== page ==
calypso or afro-cuban melody. and melodic minor scales in all keys eight-note rhythm at q=80 -100 Scales should be played in and two octaves. ‘Moods’ Movements 1.c. I-#Idim7-II-7-V7b9 progression. All lydian. LEVEL 4 PIPC 212 Steelpan 1. Composition based on ‘I Got Rhythm’. ‘Serenade’ or ‘Mazurka’ from Graded Exams in Solo Steelpan Performance b. mixolydian. Diminished seventh arpeggios. ‘Rondo on Dame Lorraine’ and/or ‘Third Movement from Sonatina in C’ from Graded Exams in Solo Steelpan Performance. LEVEL 2 PIPC 112 Steelpan 1. dorian. Sight reading of single line material LEVEL 3 PIPC 211 Steelpan 1. ‘Song without Words’ from Graded Exams in Solo Steelpan PerformanceGrade 4 5. ascending and descending. Handel (Double Seconds) c. Sight reading: two voices. and phrygian and Lydian b7scales.F. Perform melody. whole tone and symmetrical diminished scales. Four Landlers by Franz Schubert from Graded Exams in Steelpan Performance. Grade-3 5. for example: a.3 Len ’Boogsie’ Sharpe b. 4. for example: a. An approved Level 2 piece. q=84. 2. Alla Hornpipe by G. 3. locrian. 3. One traditional Level 3 piece (memorized) latin jazz and/or contemporary steelpan melody. Comping I-IV-V. Harmonic. . thirds. Traditional reggae. I-VI-II-V progressions major and minor. All aeolian.Grade 2 d. 6. Diatonic 7th arpeggios in eight note rhythms and triplets at q =72. 5. when possible. comp changes. Sight Reading of single line material. 2. 4. memorized. fourths and sixths.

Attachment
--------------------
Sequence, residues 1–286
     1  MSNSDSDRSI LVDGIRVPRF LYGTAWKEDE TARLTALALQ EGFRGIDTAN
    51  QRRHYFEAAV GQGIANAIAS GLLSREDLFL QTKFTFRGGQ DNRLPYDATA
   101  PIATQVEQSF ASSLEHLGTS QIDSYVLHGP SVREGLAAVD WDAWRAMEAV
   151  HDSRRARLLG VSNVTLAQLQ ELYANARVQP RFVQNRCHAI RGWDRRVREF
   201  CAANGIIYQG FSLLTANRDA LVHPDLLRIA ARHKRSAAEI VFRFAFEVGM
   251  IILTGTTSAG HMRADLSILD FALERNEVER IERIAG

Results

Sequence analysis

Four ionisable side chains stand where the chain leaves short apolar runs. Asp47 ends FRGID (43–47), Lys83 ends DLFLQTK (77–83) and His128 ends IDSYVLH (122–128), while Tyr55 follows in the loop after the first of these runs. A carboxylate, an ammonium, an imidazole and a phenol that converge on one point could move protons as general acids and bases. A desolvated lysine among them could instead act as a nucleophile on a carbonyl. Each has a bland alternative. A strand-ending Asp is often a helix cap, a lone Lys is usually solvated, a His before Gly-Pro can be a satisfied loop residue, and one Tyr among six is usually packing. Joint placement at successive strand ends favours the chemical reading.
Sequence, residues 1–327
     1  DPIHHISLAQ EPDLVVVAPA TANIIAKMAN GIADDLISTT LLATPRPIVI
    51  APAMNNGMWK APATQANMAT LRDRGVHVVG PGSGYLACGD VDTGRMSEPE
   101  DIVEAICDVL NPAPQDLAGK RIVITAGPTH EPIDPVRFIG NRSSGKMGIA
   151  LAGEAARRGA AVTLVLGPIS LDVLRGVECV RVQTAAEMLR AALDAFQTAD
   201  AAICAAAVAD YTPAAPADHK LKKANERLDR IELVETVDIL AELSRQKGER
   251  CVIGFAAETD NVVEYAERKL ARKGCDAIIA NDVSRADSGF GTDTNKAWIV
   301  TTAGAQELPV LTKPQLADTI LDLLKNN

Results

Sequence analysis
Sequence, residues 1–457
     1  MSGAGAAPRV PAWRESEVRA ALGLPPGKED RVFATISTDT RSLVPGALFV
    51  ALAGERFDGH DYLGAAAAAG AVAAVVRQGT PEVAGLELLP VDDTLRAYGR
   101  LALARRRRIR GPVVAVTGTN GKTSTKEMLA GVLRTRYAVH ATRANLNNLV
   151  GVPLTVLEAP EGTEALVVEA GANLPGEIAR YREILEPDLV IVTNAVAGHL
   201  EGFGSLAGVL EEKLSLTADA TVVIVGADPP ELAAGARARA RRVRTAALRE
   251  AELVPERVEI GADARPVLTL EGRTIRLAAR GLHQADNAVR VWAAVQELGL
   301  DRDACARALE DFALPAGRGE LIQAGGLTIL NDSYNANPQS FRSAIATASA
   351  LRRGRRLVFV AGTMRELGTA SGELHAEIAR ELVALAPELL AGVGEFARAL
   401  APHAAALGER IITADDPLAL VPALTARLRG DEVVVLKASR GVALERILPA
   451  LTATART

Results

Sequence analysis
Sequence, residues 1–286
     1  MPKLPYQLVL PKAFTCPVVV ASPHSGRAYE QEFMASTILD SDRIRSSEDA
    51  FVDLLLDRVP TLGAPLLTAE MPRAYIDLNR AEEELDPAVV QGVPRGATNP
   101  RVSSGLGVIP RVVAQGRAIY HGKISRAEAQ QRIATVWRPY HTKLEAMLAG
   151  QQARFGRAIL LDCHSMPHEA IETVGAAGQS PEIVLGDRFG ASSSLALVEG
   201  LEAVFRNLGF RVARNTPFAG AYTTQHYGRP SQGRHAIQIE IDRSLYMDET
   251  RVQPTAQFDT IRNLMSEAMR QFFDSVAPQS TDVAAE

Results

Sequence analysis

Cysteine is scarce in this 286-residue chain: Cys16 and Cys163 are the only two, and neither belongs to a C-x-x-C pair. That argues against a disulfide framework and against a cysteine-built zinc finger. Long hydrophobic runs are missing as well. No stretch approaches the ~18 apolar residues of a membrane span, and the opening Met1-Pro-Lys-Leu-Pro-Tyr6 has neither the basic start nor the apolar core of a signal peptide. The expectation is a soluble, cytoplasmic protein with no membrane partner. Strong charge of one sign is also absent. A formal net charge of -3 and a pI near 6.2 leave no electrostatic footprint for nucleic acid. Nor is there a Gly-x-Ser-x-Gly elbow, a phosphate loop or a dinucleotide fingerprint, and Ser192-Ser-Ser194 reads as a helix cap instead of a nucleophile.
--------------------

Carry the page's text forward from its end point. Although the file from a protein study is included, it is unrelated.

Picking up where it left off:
Performance afro-caribbean/afro-latin standard melody. 4. chart library. either solo or with recorded accompaniment. LEVEL 5 PIPC 311 (Student may take the private lesson on any instrument within the percussion department: drumset. Sight-Reading Sight-read/interpret an appropriate chart or piece on chosen instrument. Chart Reading and Interpretation (Steelpan) Steelpan sight-reading and interpretation from sources comparable to Percussion Dept. 6. hand percussion. Chart Reading and Interpretation (Steelpan) Steelpan sight-reading and interpretation from sources comparable to Percussion Dept. total percussion. Voice-leading changes for approved standard jazz tune. LEVEL 6 PIPC 312 (Student may take the private lesson on any instrument within the percussion department: drumset. marimba.2. (MATERIALS TO BE DETERMINED) ALTERNATIVE INSTRUMENT OPTION Prepared Piece A 10-minute performance project decided by the student and teacher.) CONTINUED STEELPAN A 10-minute performance project decided by the student and the teacher. total percussion. Comping (w/two or more mallets) jazz standard tune. 3. vibraphone. or steelpan. vibraphone. Green Ballet 3rd position by Vince Mendoza (Tenor and/or Double-second parts) 5. . All dominant seventh arpeggios. or steelpan. marimba. This performance must be with accompanying musicians. ALTERNATIVE INSTRUMENT Prepared Piece A 10-minute performance project decided on by the student and teacher. and inversions. either solo or with recorded accompaniment. hand percussion.) CONTINUED STEELPAN Prepared Piece A 10-minute performance project decided by the student and the teacher. chart library. Prepared piece a.